Irish astronomers and tech CEOs alike are calling on the Government to join the ESO, but it seems an uphill challenge.
Not for the first time, the Irish Government has been pressured into joining the European Southern Observatory (ESO) – an astronomical research organisation – for the purpose of giving Irish astronomers access currently unable to them.
The last time the issue was raised in September 2016, ESO’s own director general came here to convince the Government of the benefit of gaining access to a body of interconnected observatories stretching from Europe to South America.
Using its telescopes, a team of researchers was able to find one of the biggest scientific discoveries of recent years, an Earth-like planet in our neighbouring star system, Alpha Centauri.
So, once again, the call is being made to the Government – at the same time as it heralds the launch of four new science research centres – to put pen to paper in becoming the last western European nation to join ESO.
One person advocating for Irish membership is one of Ireland’s brightest young astronomers, Cormac Larkin.
The Cork teenager made headlines over the summer for coming second in the Physics and Astrophysics category of the international Intel Science and Engineering Fair (ISEF) as well as receiving the Priscilla and Bart Bok first award for his project on data mining in observational astronomy.
Oh, and he also has an asteroid named after him.
As he begins the next step in his life’s journey, having now accepted a studentship from Trinity College Dublin, Larkin described Ireland’s omission from ESO as “quite disheartening”, and it will likely see him leave due to a lack of opportunity in the country.
“There’s a phrase that says, ‘You can’t be what you can’t see’, and we’re the only in western Europe with a large astronomical community that isn’t a member of ESO,” he said in conversation with Siliconrepublic.com.
“I’ve been lucky that I’ve been able to spend two years training with researchers in Armagh, so I’ve had access to telescopes there and I’ve used them but without that, my research that I won all those awards for would be unproven and theoretical. If it wasn’t for them, I wouldn’t be where I am now.”
‘You can’t work in Ireland, it’s not like it’s a choice’
Larkin is set to be at the heart of the action later today (8 September) at the latest Irish National Astronomy meeting, where he will be speaking about the six weeks he spent working with ESO on everything from science communications to science policy.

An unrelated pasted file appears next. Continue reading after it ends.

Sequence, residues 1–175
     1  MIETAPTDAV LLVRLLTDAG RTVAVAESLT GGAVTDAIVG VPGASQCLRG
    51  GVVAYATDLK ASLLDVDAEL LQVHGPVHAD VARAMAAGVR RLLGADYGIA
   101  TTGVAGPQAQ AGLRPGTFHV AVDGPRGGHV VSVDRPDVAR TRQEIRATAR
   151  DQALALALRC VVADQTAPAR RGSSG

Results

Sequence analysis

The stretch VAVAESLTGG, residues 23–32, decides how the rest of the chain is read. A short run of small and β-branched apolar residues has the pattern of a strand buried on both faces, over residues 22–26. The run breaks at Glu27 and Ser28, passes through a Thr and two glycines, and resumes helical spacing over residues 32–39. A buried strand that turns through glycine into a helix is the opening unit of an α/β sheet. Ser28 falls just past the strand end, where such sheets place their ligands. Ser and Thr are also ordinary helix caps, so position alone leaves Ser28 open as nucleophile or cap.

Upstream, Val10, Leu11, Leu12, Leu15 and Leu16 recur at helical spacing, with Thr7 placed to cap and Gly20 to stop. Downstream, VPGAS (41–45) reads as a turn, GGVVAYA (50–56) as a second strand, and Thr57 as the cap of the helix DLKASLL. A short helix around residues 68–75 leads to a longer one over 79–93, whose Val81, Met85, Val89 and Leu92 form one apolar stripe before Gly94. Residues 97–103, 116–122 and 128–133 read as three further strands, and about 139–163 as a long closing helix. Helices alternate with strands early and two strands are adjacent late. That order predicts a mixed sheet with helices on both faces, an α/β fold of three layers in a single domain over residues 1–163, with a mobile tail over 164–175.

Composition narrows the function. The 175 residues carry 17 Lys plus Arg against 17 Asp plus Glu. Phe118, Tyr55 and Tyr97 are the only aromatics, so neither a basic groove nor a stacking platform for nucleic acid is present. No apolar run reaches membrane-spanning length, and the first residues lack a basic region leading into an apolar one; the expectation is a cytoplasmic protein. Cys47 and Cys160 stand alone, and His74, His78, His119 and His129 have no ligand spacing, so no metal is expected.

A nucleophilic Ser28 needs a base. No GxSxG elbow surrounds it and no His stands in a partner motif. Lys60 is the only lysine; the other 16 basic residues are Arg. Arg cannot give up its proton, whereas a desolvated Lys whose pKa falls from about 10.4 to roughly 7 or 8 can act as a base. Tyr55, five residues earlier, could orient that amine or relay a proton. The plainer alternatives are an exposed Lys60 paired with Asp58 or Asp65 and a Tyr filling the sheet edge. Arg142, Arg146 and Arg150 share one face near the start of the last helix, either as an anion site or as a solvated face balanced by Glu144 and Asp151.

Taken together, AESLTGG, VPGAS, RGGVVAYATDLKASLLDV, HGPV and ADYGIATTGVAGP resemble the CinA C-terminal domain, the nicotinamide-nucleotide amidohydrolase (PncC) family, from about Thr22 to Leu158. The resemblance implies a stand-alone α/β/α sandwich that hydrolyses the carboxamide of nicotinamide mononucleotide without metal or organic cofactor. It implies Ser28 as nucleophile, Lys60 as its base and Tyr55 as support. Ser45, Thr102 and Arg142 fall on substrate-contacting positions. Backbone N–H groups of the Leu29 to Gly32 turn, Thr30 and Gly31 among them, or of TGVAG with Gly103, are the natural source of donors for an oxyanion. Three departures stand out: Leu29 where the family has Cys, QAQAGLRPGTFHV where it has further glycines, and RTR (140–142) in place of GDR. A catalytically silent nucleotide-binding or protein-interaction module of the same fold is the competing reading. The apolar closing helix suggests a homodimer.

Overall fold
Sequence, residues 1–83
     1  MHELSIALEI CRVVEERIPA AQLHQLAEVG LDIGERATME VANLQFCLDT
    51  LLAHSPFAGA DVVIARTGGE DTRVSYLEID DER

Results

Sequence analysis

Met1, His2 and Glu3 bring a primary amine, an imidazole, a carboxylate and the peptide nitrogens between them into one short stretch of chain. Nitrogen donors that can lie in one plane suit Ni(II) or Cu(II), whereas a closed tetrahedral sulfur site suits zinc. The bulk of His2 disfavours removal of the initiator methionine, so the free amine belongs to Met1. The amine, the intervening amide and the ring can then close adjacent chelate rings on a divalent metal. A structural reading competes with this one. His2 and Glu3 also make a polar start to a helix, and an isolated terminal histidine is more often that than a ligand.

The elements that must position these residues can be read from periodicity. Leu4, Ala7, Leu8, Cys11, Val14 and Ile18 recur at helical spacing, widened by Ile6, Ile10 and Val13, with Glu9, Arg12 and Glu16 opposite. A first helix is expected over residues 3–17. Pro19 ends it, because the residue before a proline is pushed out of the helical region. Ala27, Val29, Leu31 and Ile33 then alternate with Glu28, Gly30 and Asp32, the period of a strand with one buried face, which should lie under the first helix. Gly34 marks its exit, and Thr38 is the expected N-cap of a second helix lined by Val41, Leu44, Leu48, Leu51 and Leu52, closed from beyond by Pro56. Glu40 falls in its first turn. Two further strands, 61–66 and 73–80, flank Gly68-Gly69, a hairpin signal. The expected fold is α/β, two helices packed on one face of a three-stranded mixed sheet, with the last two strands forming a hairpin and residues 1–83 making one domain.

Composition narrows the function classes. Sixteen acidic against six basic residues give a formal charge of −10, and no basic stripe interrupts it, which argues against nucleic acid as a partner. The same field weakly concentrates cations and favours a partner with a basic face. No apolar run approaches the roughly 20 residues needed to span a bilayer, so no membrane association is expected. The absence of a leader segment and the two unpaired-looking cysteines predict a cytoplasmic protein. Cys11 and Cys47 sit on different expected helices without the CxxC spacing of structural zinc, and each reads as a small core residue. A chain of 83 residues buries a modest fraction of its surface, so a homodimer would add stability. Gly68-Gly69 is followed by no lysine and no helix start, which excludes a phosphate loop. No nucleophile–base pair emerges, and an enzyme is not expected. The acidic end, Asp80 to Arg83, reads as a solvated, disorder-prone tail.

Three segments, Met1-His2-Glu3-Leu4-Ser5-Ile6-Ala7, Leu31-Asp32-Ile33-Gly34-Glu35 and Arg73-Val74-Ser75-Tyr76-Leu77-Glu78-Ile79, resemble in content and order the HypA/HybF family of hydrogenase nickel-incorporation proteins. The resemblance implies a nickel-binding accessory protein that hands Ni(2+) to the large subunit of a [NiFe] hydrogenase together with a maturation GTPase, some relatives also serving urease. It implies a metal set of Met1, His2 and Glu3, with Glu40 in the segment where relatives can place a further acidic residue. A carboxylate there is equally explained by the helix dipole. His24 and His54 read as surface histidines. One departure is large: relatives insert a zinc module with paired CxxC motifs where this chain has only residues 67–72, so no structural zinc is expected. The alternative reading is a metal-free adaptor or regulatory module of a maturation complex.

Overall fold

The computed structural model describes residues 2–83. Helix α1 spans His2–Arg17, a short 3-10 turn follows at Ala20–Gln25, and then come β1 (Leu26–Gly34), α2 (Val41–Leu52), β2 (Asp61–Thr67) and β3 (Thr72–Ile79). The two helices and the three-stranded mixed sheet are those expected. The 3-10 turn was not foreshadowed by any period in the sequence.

One of Larkin’s biggest reasons for advocating for Irish ESO membership, he said, was that it comes with potential funding for PhD studentships, fellowships and researcher roles, the latter of which keep their research going for as long as five years.
“[Irish astronomers] can’t do that, so whenever we’re going for jobs, if someone else has that ESO experience, they’re going to get the job,” he said. “There’s a systematic limitation for Irish scientists because you don’t get these opportunities.
“If the infrastructure and facilities aren’t there, you can’t work in Ireland, it’s not like it’s a choice.”
Researchers chomping at the bit
It isn’t just the up-and-coming astronomers who feel ESO membership shouldn’t be delayed any longer, but also the Institute of Physics (IOP), which recently said the membership fee would be quickly paid back in economic investment.
It claims that every euro invested in space technology within ESO tends to bring between €6 and €7 in overall economic return.
Also, for every €1 increase in physics-based output, the economy-wide increase in output is €2.28.
“Ireland has already invested significantly in its astrophysics base in Ireland,” the IOP said. “There is now a large pre-existing cohort of senior staff well placed to take immediate advantage of ESO membership.”
Government’s to-do list
The tech world has also chipped in with the Time to Join ESO campaign, which features support from Irish tech leadership, including Technology Ireland director Paul Sweetman and IBM Ireland’s vice-president, Bill Kearney.
Sweetman echoed Larkin’s plea that ESO membership could bring greater benefits to the promotion of science, technology, engineering and maths (STEM).
“Allowing students, researchers and professionals [to] interact and work on cutting-edge scientific, technical and communications projects [with ESO] … can only bode well for meeting the skills demands of our ever-growing technology sector.”
So far, the Government remains noncommittal on membership, but it is becoming clear that due to the lack of an Irish national space agency, and membership of either ESO or nuclear research centre CERN, young astronomers such as Larkin are already starting to look to the exit door.